I think the most crucial part of my personal development journey so far was when I decided I was going to find hope. I literally had to make the choice that I was going to be okay, and that there was a light at the end of the tunnel. I think everyone who does pull themselves out of a severe depression like mine has some sort of “hope” moment.
Mine came a few weeks after the biggest fight Johnny and I have ever had. It was March. We were fighting about some family “drama” and it was the day the “d” word got brought up. Johnny left in his truck, and I laid on the floor of our living room sobbing. The thoughts in the back of my head that had been there for months came to the surface.
“Just kill yourself.”
“See- your life will only be miserable.”
“You don’t deserve to be happy.”
“Beth died because you aren’t supposed to be a mother.”
“You will always be a failure. This isn’t your first marriage. Why did you think this would be any different?”
I had hit lows that were fueled by the loss of my child, postpartum depression, anxiety and post traumatic stress. I don’t know a more confusing, annoying mental space you could be in. Especially because literally everyone around me kept saying “just be happy you’re alive” and according to me, I wasn’t living. Marriage failing, dead daughter, no uterus, no hope. I had lived in that space for months.
Johnny came back home. We talked. We worked out a plan to save our marriage and I decided it was time for me to get my shit together.
For clarification, my shit is not together.
I’m working on it, though! And having the hope of a happier “new normal” has kept me going for another two years. We have been through a lot of ups and downs since then. Shortly after the big fight, I was laid off from my job of three years. On a Monday, in the middle of the day. Instead of allowing that to be a setback, Johnny and I sat down and talked about what my dream job would be, and the things I’d need from an employer to be happy. I didn’t realize then, but I realize now, that the job I had before that was holding me back. It was actually holding me back in some really big ways. Getting the new job (where I work now) showed me that I was capable of so much more than what I’d done before.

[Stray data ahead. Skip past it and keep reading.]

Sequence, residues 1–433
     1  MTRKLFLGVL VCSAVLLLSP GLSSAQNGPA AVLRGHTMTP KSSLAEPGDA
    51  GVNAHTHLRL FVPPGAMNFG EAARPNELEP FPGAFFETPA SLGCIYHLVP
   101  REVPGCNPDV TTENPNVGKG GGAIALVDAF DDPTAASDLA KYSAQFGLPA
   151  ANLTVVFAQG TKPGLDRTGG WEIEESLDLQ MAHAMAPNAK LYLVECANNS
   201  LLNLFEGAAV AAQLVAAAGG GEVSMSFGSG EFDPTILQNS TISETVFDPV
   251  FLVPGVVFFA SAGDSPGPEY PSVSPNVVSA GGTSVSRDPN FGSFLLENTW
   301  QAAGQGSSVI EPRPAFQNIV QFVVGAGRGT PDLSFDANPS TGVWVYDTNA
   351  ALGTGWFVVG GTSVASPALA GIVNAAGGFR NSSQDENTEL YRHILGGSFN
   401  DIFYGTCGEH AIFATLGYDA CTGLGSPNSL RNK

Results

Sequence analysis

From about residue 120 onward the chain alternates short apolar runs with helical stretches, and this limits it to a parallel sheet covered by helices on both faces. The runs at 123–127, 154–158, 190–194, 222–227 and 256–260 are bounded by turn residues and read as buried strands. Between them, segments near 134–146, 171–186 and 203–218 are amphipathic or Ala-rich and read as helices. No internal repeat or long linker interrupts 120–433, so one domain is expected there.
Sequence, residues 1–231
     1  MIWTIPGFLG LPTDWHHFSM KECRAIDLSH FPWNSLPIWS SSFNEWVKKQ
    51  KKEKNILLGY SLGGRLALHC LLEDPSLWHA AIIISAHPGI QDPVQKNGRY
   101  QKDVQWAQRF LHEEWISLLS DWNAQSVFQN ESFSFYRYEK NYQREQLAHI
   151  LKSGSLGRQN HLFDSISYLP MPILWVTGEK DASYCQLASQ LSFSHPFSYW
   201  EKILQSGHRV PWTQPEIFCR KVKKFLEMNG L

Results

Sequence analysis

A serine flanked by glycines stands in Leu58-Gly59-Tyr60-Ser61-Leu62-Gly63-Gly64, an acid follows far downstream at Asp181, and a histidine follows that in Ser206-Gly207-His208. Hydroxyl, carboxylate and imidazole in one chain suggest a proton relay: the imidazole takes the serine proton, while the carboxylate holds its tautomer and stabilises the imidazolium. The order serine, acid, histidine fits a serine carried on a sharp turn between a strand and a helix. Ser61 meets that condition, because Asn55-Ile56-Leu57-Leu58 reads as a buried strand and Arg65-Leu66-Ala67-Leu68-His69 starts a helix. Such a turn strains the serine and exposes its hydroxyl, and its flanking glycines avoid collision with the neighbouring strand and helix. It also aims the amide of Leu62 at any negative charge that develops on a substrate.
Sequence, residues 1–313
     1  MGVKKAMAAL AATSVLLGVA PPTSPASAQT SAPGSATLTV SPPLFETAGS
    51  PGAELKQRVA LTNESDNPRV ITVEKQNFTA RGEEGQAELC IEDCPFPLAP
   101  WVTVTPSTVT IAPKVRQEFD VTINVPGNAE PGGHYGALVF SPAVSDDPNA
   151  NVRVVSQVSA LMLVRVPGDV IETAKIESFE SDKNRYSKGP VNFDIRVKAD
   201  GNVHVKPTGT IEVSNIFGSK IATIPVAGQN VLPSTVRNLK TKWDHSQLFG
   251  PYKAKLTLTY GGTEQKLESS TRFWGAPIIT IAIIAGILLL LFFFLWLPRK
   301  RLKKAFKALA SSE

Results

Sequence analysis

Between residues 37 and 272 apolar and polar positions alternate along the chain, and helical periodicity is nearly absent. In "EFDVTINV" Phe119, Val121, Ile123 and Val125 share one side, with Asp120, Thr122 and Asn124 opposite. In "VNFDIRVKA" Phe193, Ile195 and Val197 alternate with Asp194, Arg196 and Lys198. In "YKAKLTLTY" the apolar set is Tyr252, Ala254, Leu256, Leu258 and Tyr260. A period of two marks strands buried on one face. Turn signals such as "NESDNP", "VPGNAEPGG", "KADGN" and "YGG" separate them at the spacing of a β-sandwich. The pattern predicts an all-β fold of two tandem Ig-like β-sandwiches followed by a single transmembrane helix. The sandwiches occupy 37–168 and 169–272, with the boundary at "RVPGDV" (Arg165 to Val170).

Remember the post about Getting Out of Your Comfort Zone? Making changes like the new job, new side hustle and new friend groups allowed me to see what I was missing by feeling hopeless. I don’t think there’s a magic way to find that spark. Change something up? Meet new people? Go to a new gym? All the things I can think of have one thing in common, CHANGE. You cannot do the same things you’ve always done and expect different results, right? So if you’re in a space of depression, hopelessness, anxiety and frustration, you have to change the space you’re in.
I don’t think I’m out of the woods with all of this. There are still days when the pain is overwhelming and two years feels like two minutes. There are other times when I feel like I’m on top of the world. The only thing that hasn’t changed since March of 2017 is the fact that I haven’t given up hope. I push forward every day. I don’t allow the demons to keep me down, and neither can you. If you’re reading this- FIND THAT HOPE. Find the thing that makes you realize that it’s all going to be okay. Mine was my family. My husband and my son kept me here and I know you have so many things that are worth staying around for. If you feel like there isn’t- I want you to reach out to me. Because I’ll prove you wrong. And if for some crazy reason I can’t find something that is worth that hope, I’ll help you create something. You’re worth it.